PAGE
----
'The Office' Actress Ellie Kemper Apologizes for Attending a Ball, Acknowledges Her White Privilege

Another one bites the apology.

If you’re a fan of Kira Davis as am I, you already know of the controversy concerning actress Ellie Kemper.

The star of The Office and Netflix’s Unbreakable Kimmy Schmidt, it was recently learned, once attended a dance.


At the time, she was a Princeton University freshman.

And as it turns out, the “Veiled Prophet Ball” back in her native St. Louis, Missouri was a fancy function of dastardly descent.

The Atlantic’s initial description of the event sounds harmless:

Held annually every Fourth of July, usually in downtown St. Louis, Fair St. Louis is a festival that includes food, music, hot-air balloons, and fireworks. Touted as “America’s Biggest Birthday Party”, it’s basically just a fun excuse to enjoy the usually hot and humid St. Louis Fourth of Julys with friends and family. This summer, due to construction along the Mississippi riverfront, the fair was held in Forest Park, a jewel of a turn-of-the-century public park built for the 1904 World’s Fair.]

But enter the dragon. From Kira’s coverage:

[T]hey were historically exclusive to elite white folks. According to Newsweek, African Americans were eventually allowed to join in 1979 after protest…

Hence, Ellie — who was crowned the ball’s 1999 Queen of Love in beauty — was reconfigured as a racist.

On social media, “KKK Princess” appeared:

Apparently, in response, she made a donation:


But for those wanting a mea culpa, she’s finally here with the requisite goods.

On Monday, the actress posted an apology via Instagram.

Bottom line: There’s “no excuse” for what she did.

She came out punching — the dance:

“When I was 19 years old, I decided to participate in a debutante ball in my hometown. The century-old organization that hosted the debutante ball had an unquestionably racist, sexist, and elitist past.”

“I was not aware of this history at the time,” she said. “But ignorance is no excuse. I was old enough to have educated myself before getting involved.”

For those of you suspecting she’s a white supremacist, allow her to allay your fears:

“I unequivocally deplore, denounce, and reject white supremacy.”

But don’t get it twisted — she’s white, and she’s privileged:

“At the same time, I acknowledge that because of my race and my privilege, I am the beneficiary of a system that has dispensed unequal justice and unequal rewards.”


Our system certainly has done unjust things. Among America’s history are unchivalrous deeds.

On the privilege front, here’s The Atlantic with more history:

A person would be chosen by a secret board of local elites to anonymously play the role of the Veiled Prophet. The Veiled Prophet would chose a Queen of Love and Beauty from among the elite ball attendees (of course, invitation list to be kept strictly confidential as well) with whom he would dance a “Royal Quadrille” before presenting her with an expensive keepsake such as a tiara or pearls. Often these gifts were so expensive that they became family heirlooms.

Back to shame, the way Ellie sees it, organizations with such a past should be put to the fire, feet first:

“If my experience is an indication that organizations and institutions with pasts that fall short of these beliefs should be held to account, then I have to see this experience in a positive light.”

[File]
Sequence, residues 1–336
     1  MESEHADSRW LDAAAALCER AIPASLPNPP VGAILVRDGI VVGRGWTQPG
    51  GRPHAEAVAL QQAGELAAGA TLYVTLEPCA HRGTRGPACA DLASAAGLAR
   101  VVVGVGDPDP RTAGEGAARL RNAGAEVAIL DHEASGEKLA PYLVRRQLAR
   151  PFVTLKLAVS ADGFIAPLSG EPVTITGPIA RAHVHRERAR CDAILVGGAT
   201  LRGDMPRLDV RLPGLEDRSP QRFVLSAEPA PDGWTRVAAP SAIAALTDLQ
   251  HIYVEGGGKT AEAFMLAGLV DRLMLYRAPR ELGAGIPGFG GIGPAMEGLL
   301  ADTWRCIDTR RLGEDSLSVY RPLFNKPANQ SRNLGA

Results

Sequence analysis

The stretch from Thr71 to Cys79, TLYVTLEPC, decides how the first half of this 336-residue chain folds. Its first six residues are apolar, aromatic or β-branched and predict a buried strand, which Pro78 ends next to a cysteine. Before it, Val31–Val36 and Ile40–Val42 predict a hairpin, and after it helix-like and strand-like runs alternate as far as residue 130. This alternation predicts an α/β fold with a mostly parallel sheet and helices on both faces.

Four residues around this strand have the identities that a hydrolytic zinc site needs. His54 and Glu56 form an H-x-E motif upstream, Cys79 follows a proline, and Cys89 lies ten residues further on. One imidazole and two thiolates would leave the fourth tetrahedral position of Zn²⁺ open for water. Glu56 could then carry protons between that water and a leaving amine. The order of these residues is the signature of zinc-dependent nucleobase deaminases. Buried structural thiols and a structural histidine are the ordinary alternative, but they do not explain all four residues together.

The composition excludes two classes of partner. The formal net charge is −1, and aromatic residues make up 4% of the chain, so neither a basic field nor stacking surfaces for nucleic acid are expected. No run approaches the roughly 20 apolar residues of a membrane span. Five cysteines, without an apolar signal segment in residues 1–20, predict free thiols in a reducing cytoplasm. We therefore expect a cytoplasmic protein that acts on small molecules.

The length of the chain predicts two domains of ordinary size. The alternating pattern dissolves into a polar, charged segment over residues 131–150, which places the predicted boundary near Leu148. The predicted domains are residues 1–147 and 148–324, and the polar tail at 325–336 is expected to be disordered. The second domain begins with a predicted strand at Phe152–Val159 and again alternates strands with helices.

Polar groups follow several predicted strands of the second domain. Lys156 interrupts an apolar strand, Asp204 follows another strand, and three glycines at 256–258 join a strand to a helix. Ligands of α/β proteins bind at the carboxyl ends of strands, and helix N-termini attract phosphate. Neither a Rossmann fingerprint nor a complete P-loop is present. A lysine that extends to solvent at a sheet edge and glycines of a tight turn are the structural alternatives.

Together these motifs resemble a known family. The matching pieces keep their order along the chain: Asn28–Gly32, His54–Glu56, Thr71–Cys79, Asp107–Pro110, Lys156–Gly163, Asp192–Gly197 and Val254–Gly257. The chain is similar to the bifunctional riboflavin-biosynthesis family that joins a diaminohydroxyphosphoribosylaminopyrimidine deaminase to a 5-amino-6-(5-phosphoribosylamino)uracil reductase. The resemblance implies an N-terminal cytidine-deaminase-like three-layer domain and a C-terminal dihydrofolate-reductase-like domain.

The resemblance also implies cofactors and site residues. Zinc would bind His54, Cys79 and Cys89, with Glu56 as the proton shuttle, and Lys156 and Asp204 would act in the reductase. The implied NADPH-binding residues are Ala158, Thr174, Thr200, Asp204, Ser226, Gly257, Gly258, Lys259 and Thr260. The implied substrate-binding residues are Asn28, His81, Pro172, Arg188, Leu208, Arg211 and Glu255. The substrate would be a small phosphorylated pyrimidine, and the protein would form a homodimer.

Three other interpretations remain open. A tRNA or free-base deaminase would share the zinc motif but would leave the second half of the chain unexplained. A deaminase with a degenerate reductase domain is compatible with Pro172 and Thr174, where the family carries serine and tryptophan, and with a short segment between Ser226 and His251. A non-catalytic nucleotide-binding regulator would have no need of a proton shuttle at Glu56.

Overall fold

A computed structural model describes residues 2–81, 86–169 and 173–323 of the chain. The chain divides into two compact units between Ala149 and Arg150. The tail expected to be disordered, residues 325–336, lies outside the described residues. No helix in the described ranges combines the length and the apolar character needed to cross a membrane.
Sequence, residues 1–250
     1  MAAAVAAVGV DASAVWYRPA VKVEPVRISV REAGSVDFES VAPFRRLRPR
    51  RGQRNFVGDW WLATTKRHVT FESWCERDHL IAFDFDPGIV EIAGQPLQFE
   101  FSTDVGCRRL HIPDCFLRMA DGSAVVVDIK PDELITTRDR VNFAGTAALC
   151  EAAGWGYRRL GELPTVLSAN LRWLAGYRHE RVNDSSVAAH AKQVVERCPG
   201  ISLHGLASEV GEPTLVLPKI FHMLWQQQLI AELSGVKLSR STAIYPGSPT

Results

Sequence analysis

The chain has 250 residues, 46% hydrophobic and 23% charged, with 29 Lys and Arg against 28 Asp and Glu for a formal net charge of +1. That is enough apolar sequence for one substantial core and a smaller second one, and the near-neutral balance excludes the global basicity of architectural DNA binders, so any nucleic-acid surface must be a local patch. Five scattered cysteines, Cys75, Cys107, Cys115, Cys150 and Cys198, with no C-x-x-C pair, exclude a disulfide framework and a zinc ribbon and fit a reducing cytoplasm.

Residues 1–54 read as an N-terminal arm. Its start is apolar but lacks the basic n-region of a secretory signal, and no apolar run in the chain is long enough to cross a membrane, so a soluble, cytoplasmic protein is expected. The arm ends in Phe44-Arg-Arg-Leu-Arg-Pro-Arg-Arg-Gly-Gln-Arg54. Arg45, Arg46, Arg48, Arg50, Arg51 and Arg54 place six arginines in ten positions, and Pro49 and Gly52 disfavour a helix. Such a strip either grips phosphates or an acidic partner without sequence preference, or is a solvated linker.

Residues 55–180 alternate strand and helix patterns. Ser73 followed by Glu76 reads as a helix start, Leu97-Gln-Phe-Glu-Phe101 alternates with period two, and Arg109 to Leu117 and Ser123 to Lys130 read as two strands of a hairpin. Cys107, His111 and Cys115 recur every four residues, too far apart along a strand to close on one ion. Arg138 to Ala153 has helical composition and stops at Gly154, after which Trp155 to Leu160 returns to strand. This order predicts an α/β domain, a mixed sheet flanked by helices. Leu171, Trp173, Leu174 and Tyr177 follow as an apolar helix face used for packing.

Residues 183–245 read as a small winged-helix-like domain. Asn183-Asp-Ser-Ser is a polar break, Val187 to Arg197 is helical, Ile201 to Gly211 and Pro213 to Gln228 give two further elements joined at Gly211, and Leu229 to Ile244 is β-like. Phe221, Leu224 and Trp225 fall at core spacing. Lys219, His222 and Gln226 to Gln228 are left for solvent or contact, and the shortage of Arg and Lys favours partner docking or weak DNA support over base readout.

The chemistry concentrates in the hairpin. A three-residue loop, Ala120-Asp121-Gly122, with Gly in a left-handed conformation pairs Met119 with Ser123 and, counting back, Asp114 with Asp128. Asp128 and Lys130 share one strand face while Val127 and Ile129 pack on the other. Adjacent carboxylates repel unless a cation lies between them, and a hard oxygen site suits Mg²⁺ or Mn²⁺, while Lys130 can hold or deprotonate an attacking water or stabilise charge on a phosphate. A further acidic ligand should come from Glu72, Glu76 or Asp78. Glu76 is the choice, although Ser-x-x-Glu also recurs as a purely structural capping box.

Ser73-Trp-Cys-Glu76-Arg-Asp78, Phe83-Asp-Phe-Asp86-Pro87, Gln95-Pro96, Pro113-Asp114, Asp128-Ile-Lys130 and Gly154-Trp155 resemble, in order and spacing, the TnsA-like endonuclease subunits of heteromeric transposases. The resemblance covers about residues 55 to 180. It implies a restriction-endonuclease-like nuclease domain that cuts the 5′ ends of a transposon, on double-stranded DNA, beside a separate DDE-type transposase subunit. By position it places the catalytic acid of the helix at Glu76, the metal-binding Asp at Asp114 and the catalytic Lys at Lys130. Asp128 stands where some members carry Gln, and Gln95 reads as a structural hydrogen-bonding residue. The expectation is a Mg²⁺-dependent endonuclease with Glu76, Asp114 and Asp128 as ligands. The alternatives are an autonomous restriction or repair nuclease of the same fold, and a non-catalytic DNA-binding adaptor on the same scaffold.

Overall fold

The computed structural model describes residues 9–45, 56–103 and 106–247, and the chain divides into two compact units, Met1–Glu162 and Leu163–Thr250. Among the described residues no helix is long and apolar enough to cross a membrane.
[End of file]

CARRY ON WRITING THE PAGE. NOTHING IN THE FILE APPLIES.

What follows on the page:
She assured readers she believes “strongly in the values of kindness, integrity, and inclusiveness.”

And she tries to “live [her] life in accordance with these values.”

She’s sorry, and she wants to eliminate her ignorance:

“I want to apologize to the people I’ve disappointed, and I promise that moving forward I will listen, continue to educate myself, and use my privilege in support of the better society I think we’re capable of becoming.”


Will she be forgiven?

That remains to be seen.

She’s certainly taken heat.

One tweeter slammed “anyone saying a Princeton [19-year-old] is too clueless to notice that everyone at this ball is white (Oh, excuse me, one black woman — the first-ever 2 years before her).”

“At 17 in 1988,” they recalled, “I was hip enough to figure out the fraternity and sorority systems were racist as heck. Didn’t rush!”

From another user:

“Her husband is Jewish! I wonder if he knew about her past before today?”

As far as apologies go, Ellie failed to reach the nearly unsurmountable heights of Bachelor host Chris Harrison.

I wrote recently, “That guy bakes a mea culpa like a cake.”

At first, the actress admitted, she hesitated to come out with hat in hand:

“There is a very natural temptation, when you become the subject of internet criticism, to tell yourself that your detractors are getting it all wrong.”


“[A]t some point last week, I realized that a lot of the forces behind the criticism are forces that I’ve spent my life supporting and agreeing with.”


Well, that doesn’t mean they were right — if she’s not a KKK Princess.

Kira put the whole thing another way:

I actually had to read the story multiple times to figure out what…was going on. As it turns out, it’s not me who is too dumb to get it.



See more pieces from me:

School Demands Apology From Graduate Over Mexican Flag Cape, Appears to Cave After Threats of Violence

Nonbinary Flight Attendant Fights Dress Code via ACLU, Decries ‘Constant Misgendering,’ Exacerbating ‘Depression’

Ron DeSantis Makes a Promise About Critical Race Theory — AKA ‘a Bunch of Horse Manure’

Find all my RedState work here.

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